Imagine if ten years ago, instead of paying that $4 trillion dollars to private for-profit utilities, we had bought ownership of a national renewable utility. We could already have in place a 100% green electric company that would be providing our electricity at cost. Which, after recouping the capital expense and upkeep costs, would then be “selling” our own electricity to us for just about zero.

    Our new green energy future works very well as a non-profit utility, and doesn’t seem to be possible in the for-profit capitalistic system. Not all needed services work in the free enterprise model. Police, Fire departments don’t. Sewer and water systems don’t.

    And electric utilities work better when they are publicly owned.


  2. Um.. Wasn’t the topic distributed generation?(DG) So the point is – distributed generation requires less transmission grid, not more.
    http://en.wikipedia.org/wiki/Distributed_generation
    This also reduces the size and number of power lines that must be constructed.

    Think about it.

    DG reduces transmission line and transformer wear and tear.
    DG (solar) reduces peak loads = less transmission gear needed.

    Think about it in reverse. All those households with rooftop solar are reducing peak demand. Less peak demand is less transmission grid and less generation.

    Now.. about solar costs for all ratepayers. You do know that rooftop solar reduces peak loads, right? Did you also know that next years rates are influence by this years peaks?
    http://www.energymanagertoday.com/curtailing-energy-during-peak-power-hour-reduces-next-years-rates-093550/

    So what’s the real problem? … Utilities and regulation has to change. The problem isn’t technical. Its social.

  3. Gingerbaker Says:

    DG reduces transmission line and transformer wear and tear.
    DG (solar) reduces peak loads = less transmission gear needed.

    DG also increases transmission wear and tear – because every single home now redundantly needs a transformer, inverter, possibly battery. A million homes, a million totally redundant electrical systems.

    Less transmission needed? I don’t think that is likely. As I pointed out, rooftop solar can not possibly come close to generating all our energy needs. Electricity is still going to have to be generated by other means, and it still going to have to be transmitted. All rooftop solar does in that regard is make rooftop owners not feel like contributing more money for transmission infrastructure.

    So when you say “The problem isn’t technical. Its social.” I wonder what is meant by ‘social’. Because the way I see it, there is a large component of rooftop solar that is ANTI social.

    A homeowner putting up rooftop solar is using his own money to make electricity for his own use, not his neighbors. Nobody constructs a home system that has way more output than can be used by the person who paid for it. It’s more about the individual, instead of the community.

    To an extent, it is vanity. Because we all pay, eventually, for rooftop solar, but we don’t all get the benefit. And personally, I don’t want to pay full retail price so someone else can make a small fraction of his energy requirements, inefficiently and at maximal cost, on his personal rooftop.

    To me, large-scale production and transmission is more “social”. We all share the financial burden, we would all share the financial reward. And we would do this at the lowest possible cost, not the highest. And we could do it with coherent planning and on a scale that could actually solve the problem quickly enough to have real meaning.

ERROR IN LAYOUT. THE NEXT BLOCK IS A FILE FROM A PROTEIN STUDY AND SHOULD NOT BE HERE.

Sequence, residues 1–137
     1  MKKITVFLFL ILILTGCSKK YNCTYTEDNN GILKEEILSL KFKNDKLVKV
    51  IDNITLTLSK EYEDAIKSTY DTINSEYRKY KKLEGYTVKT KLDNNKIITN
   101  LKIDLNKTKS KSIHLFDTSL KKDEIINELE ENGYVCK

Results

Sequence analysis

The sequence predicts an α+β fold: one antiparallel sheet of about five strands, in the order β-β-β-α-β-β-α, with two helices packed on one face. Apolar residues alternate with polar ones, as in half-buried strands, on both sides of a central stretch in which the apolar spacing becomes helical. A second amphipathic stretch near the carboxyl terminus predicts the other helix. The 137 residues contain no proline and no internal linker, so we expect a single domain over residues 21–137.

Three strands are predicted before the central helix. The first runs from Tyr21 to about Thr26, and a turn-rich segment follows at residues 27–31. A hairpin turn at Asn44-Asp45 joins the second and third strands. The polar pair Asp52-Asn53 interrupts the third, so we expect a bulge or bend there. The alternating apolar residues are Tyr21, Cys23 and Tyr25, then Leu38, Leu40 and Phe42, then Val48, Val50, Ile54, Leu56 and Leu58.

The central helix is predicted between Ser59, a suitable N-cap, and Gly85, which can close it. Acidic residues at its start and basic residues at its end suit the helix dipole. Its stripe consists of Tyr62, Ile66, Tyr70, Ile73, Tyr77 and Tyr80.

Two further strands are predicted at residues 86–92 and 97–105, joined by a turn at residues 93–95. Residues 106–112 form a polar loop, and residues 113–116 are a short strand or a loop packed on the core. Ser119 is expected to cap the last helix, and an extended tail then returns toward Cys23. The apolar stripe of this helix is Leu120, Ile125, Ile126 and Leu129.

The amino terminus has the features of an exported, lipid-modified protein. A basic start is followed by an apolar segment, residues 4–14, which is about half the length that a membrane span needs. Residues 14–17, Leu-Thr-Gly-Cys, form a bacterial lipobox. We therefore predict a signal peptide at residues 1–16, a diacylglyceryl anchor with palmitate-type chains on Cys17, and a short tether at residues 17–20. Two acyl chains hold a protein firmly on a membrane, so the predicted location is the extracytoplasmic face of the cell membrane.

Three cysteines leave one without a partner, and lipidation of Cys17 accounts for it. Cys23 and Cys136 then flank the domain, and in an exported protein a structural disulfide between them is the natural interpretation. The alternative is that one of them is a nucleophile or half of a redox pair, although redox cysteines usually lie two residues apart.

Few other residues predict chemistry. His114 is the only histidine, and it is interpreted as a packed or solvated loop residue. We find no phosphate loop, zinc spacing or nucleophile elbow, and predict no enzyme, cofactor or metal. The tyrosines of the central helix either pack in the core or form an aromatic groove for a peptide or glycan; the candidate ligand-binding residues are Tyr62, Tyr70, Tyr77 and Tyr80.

4. Ginger – solar installations do not use (60Hz)transformers, they use inverters.
    “Less transmission needed? I don’t think that is likely.”
    Please read the references first, not just repeat your opinion. Then after you have read the references and understand them, you can give counter references, etc. It helps the discussion and possibly educates others in a mutually constructive process..

    “The problem isn’t technical. Its social.” I wonder what is meant by ‘social’.
    Since you do not know, the best thing to do there is to stop and ask. Going on with your own idea of what you thought someone else meant is not helpful. Other readers may have a better idea of what was meant by “social”. More explanation is not helpful. What is needed is more thought.

    Going back to topic, I wonder if anyone realized that rooftop solar could reduce their neighbor’s electric rate, not just their own.

    “Regulators set rates; utilities get guaranteed returns; investors get sure-thing dividends. It’s a model that hasn’t changed much since Thomas Edison invented the light bulb. And it’s doomed to obsolescence.”
    A change from this model is a social change because we decided as a society that a public utility could be a monopoly that was regulated in the manner just described. According to US law, other industries are not allowed to have monopolistic practices. Ergo, public utilities are a social construct. That social construct is changing. Ergo, the problem is social. How to construct a new social pact in the face of technological change. We are now having that great social debate as shown by Peter in recent reports. That is Arizona and other solar rooftop owners and their conflict with utilities. That is the struggle to determine net metering or whatever payback solar gets and to figure out not just that, but what do public utilities do in this era of flat or declining demand? Solar cannot be blamed for utility over capacity, although some utilities want to make solar and wind into scapegoats for their problems. Here is an idea. If demand fell, but utilities still have an oversupply of fixed assets, who pays? Do electric rates go up so that revenues stay the same or do we let utilities face some economic incentives to decrease fixed assets. I say there must be some economic feedback in the model. We cannot incentivized utilities to do uneconomic activity. That makes no sense.